Sourcing southern meat a learning curve

Open steaks . . . Links Quality Meats co›owners Greg Egerton (left) and Jim Biggs on the opening day of their Dunedin butchery earlier this month. PHOTO: SHAWN MCAVINUE

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A call for southern farmers to supply meat to a new Dunedin butchery has been answered, but logistics to get it in the cabinets have been a steep learning curve, the butchers say.

In March this year, Southern Rural Life featured a story on butchers Jim Biggs and Greg Egerton calling on southern farmers to help them fill the chiller of their new business, Links Quality Meats, with carcasses.

The butchery opened earlier this month.

Mr Egerton said many farmers contacted them after reading the story.

The challenge was to get the animal to a certified abattoir in Gore and Ashburton and then being able to transport a whole carcass to Dunedin in a cost›effective way.

To fill the cabinets before opening, they bought meat from Harris Meats in Cheviot, North Canterbury. Harris Meats had its own abattoir. ‘‘The infrastructure is there.’’ The aim of the new butchery was to be able to tell customers where their meat was sourced from, rather than unpacking a carton from a meat processor. Sourcing meat from Harris Meats allowed them to tell customers an origin story. The dream of selling Southern meat remains. ‘‘As soon as we find our feet, we are going to get meat from southern farmers.’’ The sourcing of meat had been a ‘‘steep learning curve’’ for themselves and farmers. Mr Biggs said the story sparked a lot of interest and they took phone calls from many southern farmers.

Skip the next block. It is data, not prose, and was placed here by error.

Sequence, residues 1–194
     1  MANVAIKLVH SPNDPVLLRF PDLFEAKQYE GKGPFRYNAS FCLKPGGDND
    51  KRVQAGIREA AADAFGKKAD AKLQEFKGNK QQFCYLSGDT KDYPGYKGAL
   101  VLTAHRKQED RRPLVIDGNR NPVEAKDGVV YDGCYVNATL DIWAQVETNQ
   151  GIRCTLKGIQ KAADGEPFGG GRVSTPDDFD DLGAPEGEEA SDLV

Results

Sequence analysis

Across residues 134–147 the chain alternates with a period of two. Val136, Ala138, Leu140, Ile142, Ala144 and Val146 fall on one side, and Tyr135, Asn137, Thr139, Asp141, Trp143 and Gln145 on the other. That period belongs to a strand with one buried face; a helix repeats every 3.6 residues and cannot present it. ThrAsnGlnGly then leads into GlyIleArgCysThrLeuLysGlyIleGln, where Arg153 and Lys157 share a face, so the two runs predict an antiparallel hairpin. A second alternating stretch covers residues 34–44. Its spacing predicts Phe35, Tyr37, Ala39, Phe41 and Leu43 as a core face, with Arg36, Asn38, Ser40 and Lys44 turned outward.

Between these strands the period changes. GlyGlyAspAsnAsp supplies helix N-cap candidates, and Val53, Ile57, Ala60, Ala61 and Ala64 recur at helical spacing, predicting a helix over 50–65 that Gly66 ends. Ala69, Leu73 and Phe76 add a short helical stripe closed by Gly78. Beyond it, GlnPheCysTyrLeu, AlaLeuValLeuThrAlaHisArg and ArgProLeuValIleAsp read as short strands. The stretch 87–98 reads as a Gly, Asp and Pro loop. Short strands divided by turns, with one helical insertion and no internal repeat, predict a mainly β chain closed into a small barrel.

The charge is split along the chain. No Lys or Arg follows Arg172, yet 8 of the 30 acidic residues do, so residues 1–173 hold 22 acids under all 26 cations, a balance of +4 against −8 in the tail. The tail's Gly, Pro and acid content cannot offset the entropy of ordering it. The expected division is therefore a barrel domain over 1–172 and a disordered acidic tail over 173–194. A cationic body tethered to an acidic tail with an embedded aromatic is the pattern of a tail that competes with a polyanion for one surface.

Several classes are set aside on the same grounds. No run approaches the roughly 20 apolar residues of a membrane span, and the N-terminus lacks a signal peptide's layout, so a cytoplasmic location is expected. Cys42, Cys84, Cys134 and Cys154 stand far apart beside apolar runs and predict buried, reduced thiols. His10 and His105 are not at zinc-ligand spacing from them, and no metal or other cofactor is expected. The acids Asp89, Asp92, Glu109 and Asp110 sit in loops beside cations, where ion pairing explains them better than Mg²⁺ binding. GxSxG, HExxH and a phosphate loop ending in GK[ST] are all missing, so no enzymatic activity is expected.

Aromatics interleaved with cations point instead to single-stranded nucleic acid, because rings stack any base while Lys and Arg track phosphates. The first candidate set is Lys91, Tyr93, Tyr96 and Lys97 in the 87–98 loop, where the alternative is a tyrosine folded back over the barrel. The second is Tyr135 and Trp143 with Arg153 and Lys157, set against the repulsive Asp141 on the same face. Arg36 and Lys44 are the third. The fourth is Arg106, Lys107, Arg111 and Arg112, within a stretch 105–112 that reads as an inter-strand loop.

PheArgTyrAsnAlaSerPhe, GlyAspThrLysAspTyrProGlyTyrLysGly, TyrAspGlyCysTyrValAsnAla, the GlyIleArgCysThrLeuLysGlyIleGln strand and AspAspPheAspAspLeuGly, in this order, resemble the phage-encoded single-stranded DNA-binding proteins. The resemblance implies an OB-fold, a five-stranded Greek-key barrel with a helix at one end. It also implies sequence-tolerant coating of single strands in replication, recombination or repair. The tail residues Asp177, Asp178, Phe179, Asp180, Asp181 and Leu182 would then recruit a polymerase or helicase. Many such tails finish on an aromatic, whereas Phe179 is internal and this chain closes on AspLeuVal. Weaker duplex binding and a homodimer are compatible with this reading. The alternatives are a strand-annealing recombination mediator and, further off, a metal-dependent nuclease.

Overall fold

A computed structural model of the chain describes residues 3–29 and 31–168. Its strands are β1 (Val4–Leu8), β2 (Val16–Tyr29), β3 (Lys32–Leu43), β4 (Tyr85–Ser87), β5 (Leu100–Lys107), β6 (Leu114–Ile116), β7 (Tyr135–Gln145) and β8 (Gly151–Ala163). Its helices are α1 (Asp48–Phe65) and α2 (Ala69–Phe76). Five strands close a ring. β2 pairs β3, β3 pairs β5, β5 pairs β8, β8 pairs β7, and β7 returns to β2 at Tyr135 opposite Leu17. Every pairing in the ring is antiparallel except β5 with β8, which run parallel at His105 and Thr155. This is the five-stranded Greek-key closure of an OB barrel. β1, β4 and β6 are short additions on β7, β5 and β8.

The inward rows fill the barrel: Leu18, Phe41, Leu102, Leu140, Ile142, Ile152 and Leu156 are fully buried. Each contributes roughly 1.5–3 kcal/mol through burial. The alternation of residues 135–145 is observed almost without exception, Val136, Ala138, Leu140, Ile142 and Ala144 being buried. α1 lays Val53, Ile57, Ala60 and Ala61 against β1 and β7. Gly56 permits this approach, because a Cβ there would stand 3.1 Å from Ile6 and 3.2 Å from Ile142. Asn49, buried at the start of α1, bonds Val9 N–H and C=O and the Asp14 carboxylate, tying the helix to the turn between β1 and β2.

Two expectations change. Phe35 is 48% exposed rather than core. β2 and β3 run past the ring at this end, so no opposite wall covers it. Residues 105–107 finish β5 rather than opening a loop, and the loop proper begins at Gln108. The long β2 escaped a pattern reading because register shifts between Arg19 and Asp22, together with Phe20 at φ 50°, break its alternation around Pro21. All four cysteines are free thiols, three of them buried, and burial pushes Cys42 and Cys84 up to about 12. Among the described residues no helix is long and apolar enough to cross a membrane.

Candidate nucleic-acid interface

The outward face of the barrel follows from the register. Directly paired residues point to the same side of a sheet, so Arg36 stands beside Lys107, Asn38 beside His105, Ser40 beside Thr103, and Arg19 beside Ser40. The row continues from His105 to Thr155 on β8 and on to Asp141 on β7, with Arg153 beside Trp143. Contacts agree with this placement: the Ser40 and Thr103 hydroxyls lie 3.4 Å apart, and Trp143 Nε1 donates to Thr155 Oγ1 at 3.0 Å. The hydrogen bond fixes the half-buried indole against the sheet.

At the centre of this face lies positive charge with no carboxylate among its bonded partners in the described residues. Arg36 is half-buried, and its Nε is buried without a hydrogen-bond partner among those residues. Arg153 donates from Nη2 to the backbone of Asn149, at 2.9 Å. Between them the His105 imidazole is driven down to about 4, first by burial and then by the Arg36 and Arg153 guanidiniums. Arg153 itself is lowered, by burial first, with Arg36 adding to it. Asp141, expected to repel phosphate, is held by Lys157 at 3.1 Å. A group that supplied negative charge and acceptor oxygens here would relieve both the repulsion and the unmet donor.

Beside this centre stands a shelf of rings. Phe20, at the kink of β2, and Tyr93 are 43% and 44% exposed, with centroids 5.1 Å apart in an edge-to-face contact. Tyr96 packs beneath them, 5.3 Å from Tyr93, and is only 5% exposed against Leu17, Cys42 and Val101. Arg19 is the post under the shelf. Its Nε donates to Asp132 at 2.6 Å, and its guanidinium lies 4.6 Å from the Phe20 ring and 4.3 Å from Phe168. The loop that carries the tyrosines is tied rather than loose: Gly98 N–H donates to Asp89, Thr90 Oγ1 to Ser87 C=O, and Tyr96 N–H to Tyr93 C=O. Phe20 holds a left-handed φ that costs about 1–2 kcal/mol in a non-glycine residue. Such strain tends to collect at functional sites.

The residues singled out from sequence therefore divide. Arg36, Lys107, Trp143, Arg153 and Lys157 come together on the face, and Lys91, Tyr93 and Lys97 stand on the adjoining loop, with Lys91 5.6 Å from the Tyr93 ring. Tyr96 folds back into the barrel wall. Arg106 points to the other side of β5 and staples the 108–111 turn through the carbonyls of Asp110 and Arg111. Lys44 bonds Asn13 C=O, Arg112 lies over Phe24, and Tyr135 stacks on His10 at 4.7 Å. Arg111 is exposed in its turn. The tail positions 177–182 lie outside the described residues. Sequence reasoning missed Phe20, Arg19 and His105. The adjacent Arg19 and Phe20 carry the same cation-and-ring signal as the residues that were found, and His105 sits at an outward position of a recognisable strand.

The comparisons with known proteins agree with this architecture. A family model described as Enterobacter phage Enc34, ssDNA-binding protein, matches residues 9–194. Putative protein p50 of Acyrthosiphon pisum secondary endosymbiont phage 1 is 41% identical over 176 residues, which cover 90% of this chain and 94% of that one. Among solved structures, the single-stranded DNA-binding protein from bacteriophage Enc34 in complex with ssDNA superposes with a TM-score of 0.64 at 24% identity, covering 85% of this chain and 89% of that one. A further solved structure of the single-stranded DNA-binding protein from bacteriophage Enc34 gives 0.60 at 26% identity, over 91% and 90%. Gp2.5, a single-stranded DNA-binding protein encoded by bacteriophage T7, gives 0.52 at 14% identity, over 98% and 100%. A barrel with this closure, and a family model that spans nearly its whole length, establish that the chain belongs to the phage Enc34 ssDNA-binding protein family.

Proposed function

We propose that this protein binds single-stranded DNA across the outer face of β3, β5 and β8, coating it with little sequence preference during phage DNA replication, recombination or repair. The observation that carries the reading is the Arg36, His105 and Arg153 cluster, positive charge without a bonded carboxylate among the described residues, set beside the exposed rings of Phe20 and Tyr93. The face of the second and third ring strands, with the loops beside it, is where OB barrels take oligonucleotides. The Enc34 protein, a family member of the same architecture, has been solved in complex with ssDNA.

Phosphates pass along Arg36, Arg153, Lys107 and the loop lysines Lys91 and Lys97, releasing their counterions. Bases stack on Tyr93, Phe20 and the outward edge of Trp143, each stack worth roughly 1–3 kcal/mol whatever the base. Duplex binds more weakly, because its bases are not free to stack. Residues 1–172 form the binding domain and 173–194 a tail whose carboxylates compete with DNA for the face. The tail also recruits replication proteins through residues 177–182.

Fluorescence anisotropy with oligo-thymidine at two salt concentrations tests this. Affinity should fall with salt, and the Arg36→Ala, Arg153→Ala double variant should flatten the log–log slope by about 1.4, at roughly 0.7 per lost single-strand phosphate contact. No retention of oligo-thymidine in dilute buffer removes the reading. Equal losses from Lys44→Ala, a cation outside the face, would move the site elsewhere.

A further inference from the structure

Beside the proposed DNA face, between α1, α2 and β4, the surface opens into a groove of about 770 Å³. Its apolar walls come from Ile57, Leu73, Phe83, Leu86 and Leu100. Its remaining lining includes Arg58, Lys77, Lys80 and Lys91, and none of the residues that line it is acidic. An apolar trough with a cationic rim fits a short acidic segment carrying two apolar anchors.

As a result, they were talking with Rebecca Hazlett about supplying some of her organic meat from Hukarere Station in West Otago.

He also had interest from Lammermoor Station in Paerau Valley in Central Otago about supplying organic beef, lamb and heritage breed pigs.

‘‘They were the two farms which kept the communication open with us and understood the process and how they can get their product here.’’

The article launched a journey to discovering some of the logistical ‘‘dead ends’’ when trying to source southern meat, Mr Biggs said.

‘‘It was interesting to see how it all worked because we didn’t know.’’